- Agrifood leads Irish export: strong growth prospects
- Food and soft drinks sales fizzing, alcohol sales flat
- Farmers hit by falling global prices
- ‘Brexit’ would impact the meat industry hardest
DUBLIN – 19 AUGUST 2015 – Strong domestic demand and dynamic foreign trade will push Irish food and beverages output up 8% to €26bn, and agriculture output up 12% to €8bn by the end of 2016, according to Euler Hermes, the worldwide leader in trade credit insurance.
The success of these markets is significant as agrifood is Ireland’s largest business sector, contributing to 25% of manufacturing sales and two thirds of manufacturing employment. It represents 12% of total Irish exports, led by meat and dairy products (40% of agrifood exports), which have grown +7% annually between 2010-2014, and are expected to maintain momentum due to the combination of dynamic domestic demand and development of new export opportunities with relaxing of current regulations, such as the lifting of EU Dairy quota on 31 March 2015.
Domestic household expenditures on food and beverages have consistently improved since the end of the financial crisis, up +2.8% a year between 2010-2014. Food and non-alcoholic beverage sales grew by +4.5% in the same period. In contrast, alcohol sales have not made headway, with sales remaining flat (+0.7%).
However, the Euler Hermes report Irish agrifood: a successful mix and match export strategy also reveals the downside to increased food production for farmers and food manufacturers alike: foreign competition and falling prices.
The downward trend in global commodity prices and agricultural prices is hurting Irish farmers. The Global Food Index declined again in June 2015 (-19.2% year on year) to a six-year low. This stems mostly from dairy products which experienced a sharp drop (-29% year on year), combined with a fall in all other agricultural commodities, including meat (-17.5% year on year).
Dean O’Brien, country manager, Euler Hermes Ireland, said: “The situation is improved by Ireland’s positive net trade effect, notably its positioning as a premium food product exporter. This may reap future rewards too, with the continuing expansion of the global middle-class – forecast to nearly double to 40% of the world population by 2020 – and the shift towards finer foodstuffs as people become wealthier.”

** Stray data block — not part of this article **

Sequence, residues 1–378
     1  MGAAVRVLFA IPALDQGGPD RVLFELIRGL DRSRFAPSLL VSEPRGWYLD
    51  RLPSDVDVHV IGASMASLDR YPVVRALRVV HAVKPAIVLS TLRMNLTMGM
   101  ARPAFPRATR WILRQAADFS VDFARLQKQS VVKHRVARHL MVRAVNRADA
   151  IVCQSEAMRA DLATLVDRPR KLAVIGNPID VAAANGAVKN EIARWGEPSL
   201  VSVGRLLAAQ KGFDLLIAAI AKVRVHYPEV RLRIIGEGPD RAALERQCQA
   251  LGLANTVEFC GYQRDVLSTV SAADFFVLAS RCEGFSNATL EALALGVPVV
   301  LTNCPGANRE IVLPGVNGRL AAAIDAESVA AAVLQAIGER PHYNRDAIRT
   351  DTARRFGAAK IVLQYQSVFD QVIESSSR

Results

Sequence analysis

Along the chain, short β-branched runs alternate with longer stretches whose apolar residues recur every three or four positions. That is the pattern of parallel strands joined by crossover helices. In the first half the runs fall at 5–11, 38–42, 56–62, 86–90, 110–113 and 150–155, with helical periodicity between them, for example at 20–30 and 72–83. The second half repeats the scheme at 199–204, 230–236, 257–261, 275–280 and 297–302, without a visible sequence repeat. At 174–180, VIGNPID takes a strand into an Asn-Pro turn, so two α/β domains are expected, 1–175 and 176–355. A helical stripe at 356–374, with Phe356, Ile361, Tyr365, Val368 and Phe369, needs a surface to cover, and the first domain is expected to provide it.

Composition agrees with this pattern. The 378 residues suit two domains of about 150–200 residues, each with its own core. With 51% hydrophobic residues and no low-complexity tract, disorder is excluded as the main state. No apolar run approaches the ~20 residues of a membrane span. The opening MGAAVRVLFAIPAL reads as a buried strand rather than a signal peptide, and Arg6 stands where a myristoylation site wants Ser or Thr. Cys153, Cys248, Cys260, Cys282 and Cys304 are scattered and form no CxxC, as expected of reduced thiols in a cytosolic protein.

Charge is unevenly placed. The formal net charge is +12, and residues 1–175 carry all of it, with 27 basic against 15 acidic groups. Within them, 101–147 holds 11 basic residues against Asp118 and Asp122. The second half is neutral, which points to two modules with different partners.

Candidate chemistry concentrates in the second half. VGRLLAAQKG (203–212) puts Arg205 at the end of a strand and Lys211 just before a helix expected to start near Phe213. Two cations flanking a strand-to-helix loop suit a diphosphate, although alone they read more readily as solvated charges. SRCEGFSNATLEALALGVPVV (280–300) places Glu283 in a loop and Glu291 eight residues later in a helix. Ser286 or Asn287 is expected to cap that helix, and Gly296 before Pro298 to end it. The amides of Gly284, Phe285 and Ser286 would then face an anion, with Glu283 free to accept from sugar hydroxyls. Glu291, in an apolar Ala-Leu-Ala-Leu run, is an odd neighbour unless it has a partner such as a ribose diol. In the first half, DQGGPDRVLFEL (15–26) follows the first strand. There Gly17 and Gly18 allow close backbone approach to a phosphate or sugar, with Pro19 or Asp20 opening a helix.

According to the Irish Central Statistics Office and the Department of Agriculture, the difference between world commodities’ prices and Ireland’s premium positioning favours the latter and amounted to a gain of €368mn in 2014.
Irish meat is particularly reliant on exports, as production is seven times higher than domestic consumption. Meat exports are forecast to reach €2.8bn in 2015 and €3bn in 2016. This export dependency is of particular concern as the UK assesses the possibility of exiting the EU (Brexit). Should the UK vote to leave the EU, it would have to reassess all trade agreements, including those with Ireland.
O’Brien added: “In that scenario the UK may possibly seek cheaper supply, possibly from South American alternatives like Brazil. This risk is mitigated by the higher standards expected by European consumers in terms of quality, giving Ireland a good chance of remaining in the race.”
Euler Hermes currently insures approximately €6bn of production for Irish food companies trading at home and abroad.